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Before You Were Born: The Two-Week Courtship
Stories from our parents' surprisingly romantic youth: Sometimes it's best to just jump in with both feet.
By Rachel R. White
My mom and dad started dating in the early '80s. Dad spent the '70s driving around Chicago in a black van painted with flames, then went out West with nothing but his motorcycle, friends — and, judging by a photo I found from that time period, a decent amount of marijuana. Meanwhile, Mom was putting herself through nursing school and had a reputation as a party girl. She'd borrow her roommates' dresses and hem them shorter before a night out dancing — but she'd only do a false hem, and afterward return them to the closet, roommate none the wiser.
When Dad was struck by a car on his motorcycle, he decided to "clean up" and go to forestry school. One of the only forestry programs in the country was located in the same small town where Mom lived. Dad noticed Mom around town, but when they finally had their first date, a whirlwind would follow.
So, Dad, despite your wild past — painting your teenage bedroom black, doing hallucinogens out west — you were suddenly shy about hitting on Mom?
Dad: I had moved to go to school, and after nearly dying in a motorcycle accident I was bent on getting my life together. I wasn't partying as much anymore. But I would see your mom around, and I knew this was the girl I wanted to go out with. Yet, when it came to talking to her, all of a sudden, I was a weenie-boy. I just admired her from afar.
Mom: We first met at a wedding.
D: The first time we met, she sat close to me and kissed me on the cheek, but she had this boyfriend around. I was happy nevertheless and told my sister, "She was smoochin' on me!" My sister just said, "Oh, she kisses everyone like that, even the guy who sells bagels from a cart at two a.m.!"
M: I liked your dad and was flirting with him, but my old boyfriend was there. We just had chance meetings from then. Later, I saw him in the grocery store. I asked about Christmas trees, then invited him to a New Year's Eve party, but I was engaged to that same boyfriend by then.
D: I didn't go. I remember saying to my sister that I really liked this girl — why would I go to the party she and her fiance were throwing?
So, Mom, who was this guy you were engaged to?
M: He was an artist and photographer. He was very cerebral and it felt stable, but sort of conservative or cold. He wasn't one to dance or party. We had intellectual conversations, but we didn't really laugh. One of our major problems was that he was very insecure — I was outgoing and a big flirt, and his insecurity about that just made it worse. At a party, if I knew he was watching me, I would really put on a show.
So what happened?
M: We got into a fight one night. Our fights were more like debates, very democratic, taking turns. I finally said, "This isn't working, I'm done." I didn't give him back the ring — but that night he came over and took it off my finger while I was sleeping! That was the only time I'd seen him angry or dramatic. Later, he apologized and said he wanted to stay together but, really, it wasn't working. After that, I vowed to stop dating guys just because they seemed like stable husband material or had a good job. I decided to just go with my heart and instincts.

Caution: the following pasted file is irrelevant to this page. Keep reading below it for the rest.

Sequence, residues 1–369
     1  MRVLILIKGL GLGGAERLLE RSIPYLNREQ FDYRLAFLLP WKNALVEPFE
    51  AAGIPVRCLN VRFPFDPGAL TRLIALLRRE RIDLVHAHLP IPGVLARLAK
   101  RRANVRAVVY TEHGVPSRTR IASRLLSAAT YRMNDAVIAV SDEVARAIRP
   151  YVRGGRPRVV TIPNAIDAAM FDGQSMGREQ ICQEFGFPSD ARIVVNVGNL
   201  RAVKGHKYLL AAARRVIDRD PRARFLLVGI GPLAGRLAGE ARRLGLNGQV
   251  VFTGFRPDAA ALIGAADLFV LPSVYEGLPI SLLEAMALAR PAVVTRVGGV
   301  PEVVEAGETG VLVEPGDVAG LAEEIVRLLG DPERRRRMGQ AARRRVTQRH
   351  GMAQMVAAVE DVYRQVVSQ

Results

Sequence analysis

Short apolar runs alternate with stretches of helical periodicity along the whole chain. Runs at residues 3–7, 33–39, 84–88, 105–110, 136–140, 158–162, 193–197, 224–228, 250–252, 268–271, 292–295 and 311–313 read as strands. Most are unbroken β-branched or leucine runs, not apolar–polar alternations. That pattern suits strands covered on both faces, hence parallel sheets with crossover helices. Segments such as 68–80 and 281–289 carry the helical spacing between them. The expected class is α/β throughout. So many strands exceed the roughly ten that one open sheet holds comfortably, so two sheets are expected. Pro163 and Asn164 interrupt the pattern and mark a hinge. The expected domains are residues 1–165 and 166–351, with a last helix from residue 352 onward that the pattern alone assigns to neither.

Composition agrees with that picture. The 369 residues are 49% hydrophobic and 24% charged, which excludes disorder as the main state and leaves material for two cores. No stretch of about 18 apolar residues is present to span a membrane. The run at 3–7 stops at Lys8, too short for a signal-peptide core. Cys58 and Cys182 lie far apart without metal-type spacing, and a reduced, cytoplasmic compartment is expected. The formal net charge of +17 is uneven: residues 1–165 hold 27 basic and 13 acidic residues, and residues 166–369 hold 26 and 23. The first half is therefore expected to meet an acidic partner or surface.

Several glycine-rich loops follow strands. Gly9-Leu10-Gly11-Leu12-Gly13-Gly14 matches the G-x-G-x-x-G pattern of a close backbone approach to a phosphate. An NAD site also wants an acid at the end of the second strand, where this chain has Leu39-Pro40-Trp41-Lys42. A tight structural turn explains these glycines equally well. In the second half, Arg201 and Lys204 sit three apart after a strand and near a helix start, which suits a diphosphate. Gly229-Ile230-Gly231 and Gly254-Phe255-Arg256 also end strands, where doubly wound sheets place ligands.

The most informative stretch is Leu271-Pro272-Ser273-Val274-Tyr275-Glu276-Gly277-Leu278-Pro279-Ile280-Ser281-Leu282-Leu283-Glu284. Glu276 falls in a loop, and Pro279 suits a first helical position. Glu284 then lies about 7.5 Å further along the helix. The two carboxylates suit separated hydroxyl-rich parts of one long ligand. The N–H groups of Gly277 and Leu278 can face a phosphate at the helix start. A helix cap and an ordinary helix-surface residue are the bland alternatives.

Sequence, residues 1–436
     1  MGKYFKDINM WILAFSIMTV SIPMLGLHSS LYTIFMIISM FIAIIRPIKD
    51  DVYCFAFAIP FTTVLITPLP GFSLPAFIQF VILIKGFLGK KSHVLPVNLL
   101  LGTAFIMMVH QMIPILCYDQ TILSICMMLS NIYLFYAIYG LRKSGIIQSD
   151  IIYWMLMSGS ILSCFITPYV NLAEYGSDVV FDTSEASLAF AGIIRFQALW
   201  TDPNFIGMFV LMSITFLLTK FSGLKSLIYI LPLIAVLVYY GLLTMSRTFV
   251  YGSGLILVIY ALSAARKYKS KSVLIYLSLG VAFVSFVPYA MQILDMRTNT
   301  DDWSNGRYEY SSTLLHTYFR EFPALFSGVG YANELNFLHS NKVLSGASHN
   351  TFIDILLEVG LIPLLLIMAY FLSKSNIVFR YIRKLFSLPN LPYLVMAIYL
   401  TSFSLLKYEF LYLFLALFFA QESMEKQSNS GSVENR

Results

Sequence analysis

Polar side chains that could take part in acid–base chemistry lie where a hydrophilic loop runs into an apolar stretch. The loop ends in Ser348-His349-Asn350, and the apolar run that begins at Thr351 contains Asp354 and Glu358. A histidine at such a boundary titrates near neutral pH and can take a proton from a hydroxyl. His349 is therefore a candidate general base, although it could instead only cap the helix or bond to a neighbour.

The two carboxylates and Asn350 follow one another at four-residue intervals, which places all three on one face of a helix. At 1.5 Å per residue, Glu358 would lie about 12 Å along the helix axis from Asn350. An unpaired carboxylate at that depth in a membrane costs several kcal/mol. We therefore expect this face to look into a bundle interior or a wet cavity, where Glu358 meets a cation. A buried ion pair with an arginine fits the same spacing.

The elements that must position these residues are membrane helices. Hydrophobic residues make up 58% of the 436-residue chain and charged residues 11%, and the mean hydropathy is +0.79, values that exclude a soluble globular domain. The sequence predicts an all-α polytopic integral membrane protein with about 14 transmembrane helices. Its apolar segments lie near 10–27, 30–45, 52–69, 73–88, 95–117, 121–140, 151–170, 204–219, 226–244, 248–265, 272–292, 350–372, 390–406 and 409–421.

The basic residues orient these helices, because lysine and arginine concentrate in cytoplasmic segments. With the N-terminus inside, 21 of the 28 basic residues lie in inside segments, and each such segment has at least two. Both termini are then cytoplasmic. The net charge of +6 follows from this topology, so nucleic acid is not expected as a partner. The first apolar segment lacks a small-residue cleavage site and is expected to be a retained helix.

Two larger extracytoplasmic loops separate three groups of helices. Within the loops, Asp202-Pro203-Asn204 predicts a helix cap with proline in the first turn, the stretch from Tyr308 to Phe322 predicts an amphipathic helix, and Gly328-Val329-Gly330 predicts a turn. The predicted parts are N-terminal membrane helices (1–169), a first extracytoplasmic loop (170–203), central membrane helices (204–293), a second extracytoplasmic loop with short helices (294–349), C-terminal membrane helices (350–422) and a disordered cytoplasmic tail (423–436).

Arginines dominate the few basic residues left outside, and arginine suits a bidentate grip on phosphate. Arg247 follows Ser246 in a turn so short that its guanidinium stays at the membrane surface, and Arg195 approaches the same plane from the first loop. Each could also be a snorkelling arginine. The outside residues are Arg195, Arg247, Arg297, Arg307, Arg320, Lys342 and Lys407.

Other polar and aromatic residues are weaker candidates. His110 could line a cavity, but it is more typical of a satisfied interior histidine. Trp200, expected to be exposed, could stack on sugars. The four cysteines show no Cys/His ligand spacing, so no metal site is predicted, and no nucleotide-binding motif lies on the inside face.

From family dinners where everyone's had a little too much wine, I know that at one point, Dad sort of slept with one of your friends. What happened?
M: It was November, ten months after I invited him to the New Year's party, but by then I had broken off the engagement. I walked into Cherry Street, a disco, and there was my friend, dancing with your dad. I thought, "Wait, I'm supposed to be dancing with him!" So, I asked him to dance, and he was a great dancer, and really witty. Afterward, I gave him a little kiss on the cheek, tore off a deposit slip from my checkbook with my phone number and address on it, handed it to him and said, "Call me."
D: I thought, "Oh man, this chick is a professional." I called and called and she was busy, every time. I figured she was blowing me off.
So, how did the first date finally happen?
M: He was a little younger than me. He was a student, and I was busy with a new job. I had all these excuses, but then he stopped calling. So, I called him up and invited him to my office Christmas party, but since that seemed so formal for a first date, I had him over first.
D: She invited me to her apartment and made dinner. We spent the entire night together on the couch just talking. I had to tear myself away! She begged me to stay, but I had a rule about not sleeping with people I liked on the first date.
M: [Laughs] I did not beg him to stay. And that rule only lasted for the first date.
So you guys got pretty hot and heavy after that?
M: Before this, I always knew deep down my relationships weren't going to work out, because guys would stay over and I'd think "I wish he'd just go home now." Even with my fiance, it felt like he was a guest, and I had to be on my best behavior. But when I woke up with your dad, I thought, "Oh, you can stay forever." I was just comfortable. I could be goofy and relax. He made me laugh so much, and we had great conversations. I knew he could handle my crazy family, and it would just be okay. He was gregarious and outgoing like me. He would fit in with everyone I knew.
D: I couldn't believe she was interested in me. It was a high that lasted for months. She was so gorgeous and smart and accomplished. I was just smitten.
M: He went home for Christmas, but he bought me the most beautiful Christmas tree and an ornament with the inscription "Our first Christmas together."
D: When I came back, we decided to throw a New Year's Eve party to announce our engagement.